The FIG Tree, Fair Trade Visitor Centre & Café at St. John's Lancaster
FIG Tree News
The FIG Tree @ St. John’s
opening hours are:
1.30pm - 5pm Thursdays
10am - 5pm Wednesdays, Fridays and Saturdays
Sorry we are closed on Sundays, Mondays and Tuesdays
We now have an Instagram account
Fair Trade Live calling out across the world
Thirty years since Live Aid and the world called out again, but this time it was a call for action. On Saturday 18th July a 24 hour music festival took place in some of the first Fair Trade Towns across the world. Mayors in most places signed up to the Resolution launched at the 9th Int. Fair Trade Towns Conference in Bristol and messages were sent to world leaders including President Obama in the US and UK Prime Minister, David Cameron.
Festivals took place in Kumamoto, Japan, the first Fair Trade Town in Asia; Saarbrucken, the first Fair Trade Town in Germany; Pays de la Loire, one of the first Fair Trade Towns in France; Lancaster, UK, near to Garstang, the world’s first Fair Trade Town; Media PA, USA, the first Fair Trade Town in the American continents; Ebolowa, working towards becoming the first Fair Trade Town in Cameroon and Poços de Caldas, Brazil, the first officially recognised Fair Trade Town in South America.
Hopefully the event will inspire mayors and politicians from across the world to also sign up to the Bristol Resolution.
The Resolution can be viewed at: Click Here
We recently received a grant from the Heritage Lottery Fund (HLF) for an exciting project, ‘The FIG Tree relocating to St John’s Lancaster’. The project focuses on Lancaster’s involvement in the transatlantic slave trade during the 18th century with two aspects – the history of St John’s Church, built at the height of the city’s prosperity during the slave trade, and the involvement of Dodshon Foster, a wealthy Quaker slave trader living and working in Lancaster during this period.
If you are interested in volunteering for this project please contact our Volunteer coordinator at: firstname.lastname@example.org
The FIG Tree is the world's first international Fair Trade Visitor Centre and originally opened in 2011 in Garstang; the world's first Fair Trade Town. The people of Garstang voted for their unique status at a public meeting in April 2000 and since then over 1,500 Fair Trade Towns in 25 countries worldwide, including London, Paris, Rome, Madrid, Brussels, Copenhagen, Oslo, Chicago, San Francisco, Boston, Vancouver and Wellington in New Zealand have all followed in Garstang's footsteps.
Sadly The FIG Tree closed in Garstang in November 2014, but reopened in St. John's Church, Lancaster in February 2015. St. John's Church was built in 1754 by Lancaster traders at the height of the British Transatlantic slave trade, at the time Lancaster was Britain’s fourth largest slave trade port.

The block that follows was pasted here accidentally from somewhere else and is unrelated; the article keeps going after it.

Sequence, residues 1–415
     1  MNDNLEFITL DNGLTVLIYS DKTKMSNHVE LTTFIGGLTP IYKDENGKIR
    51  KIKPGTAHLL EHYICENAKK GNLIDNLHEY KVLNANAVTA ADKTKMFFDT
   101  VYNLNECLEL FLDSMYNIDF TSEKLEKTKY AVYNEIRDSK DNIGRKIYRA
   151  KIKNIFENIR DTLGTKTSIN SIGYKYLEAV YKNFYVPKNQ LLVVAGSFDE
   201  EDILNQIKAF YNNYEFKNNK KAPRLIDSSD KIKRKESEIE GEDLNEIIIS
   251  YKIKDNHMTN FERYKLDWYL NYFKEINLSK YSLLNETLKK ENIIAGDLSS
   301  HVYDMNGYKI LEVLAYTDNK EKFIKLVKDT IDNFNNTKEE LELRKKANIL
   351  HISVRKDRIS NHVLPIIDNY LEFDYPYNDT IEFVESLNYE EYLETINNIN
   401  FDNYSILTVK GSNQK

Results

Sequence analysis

Continuing the success built up in Garstang The FIG Tree provides;
A Fair Trade Exhibition focussing on fair trade and trade injustice by exploring the four themes; Fair Trade and Fair Trade Towns, The British Transatlantic Slave Trade and its abolition, Quaker Heritage in '1652 country' and chocolate.
A cafe and a shop selling local and fair trade products and our unique Bean To Bar chocolate made from beans sourced in New Koforidua, Ghana – the first Fair Trade Town in Africa.
Educational Programme including our innovative and unique interactive chocolate making events using cocoa from New Koforidua and live video links.
A starting point for The Fair Trade Way - a long distance Fair trade Heritage Walk
The FIG Tree also offers:
- Events including Corporate Fair Trade Chocolate workshops and Fair Trade chocolate safaris
- Package Tours to Garstang
- Advice, support and information on the International Fair Trade Towns movement
- A variety of volunteering opportunities and the chance to become a Member shareholder of The FIG Tree
We are always keen to adapt our events to meet your requirements so please contact us to find out what we can do for you.
The town of Garstang has been a pioneering force in the Fairtrade movement. They provide a best practice example of how communities can work together for the benefit of society as a whole. The establishment of the FIG Tree international visitor centre is the logical next stage in maintaining Garstang as a beacon for Fairtrade.Gordon Brown MP, former Prime Minister, February 2011
The beacon that has started in Garstang can spread like wildfire through the whole country and beyond.George Foulkes MP, former Under Secretary of State, June 2000
I have had the pleasure of working in the museums and heritage sector for nearly 20 years and I can honestly say that I have never witnessed a more impressive project than The FIG TreeSteve Miller, Former Chief Executive, Ironbridge Gorge Museum Trust, (World Heritage site), 2013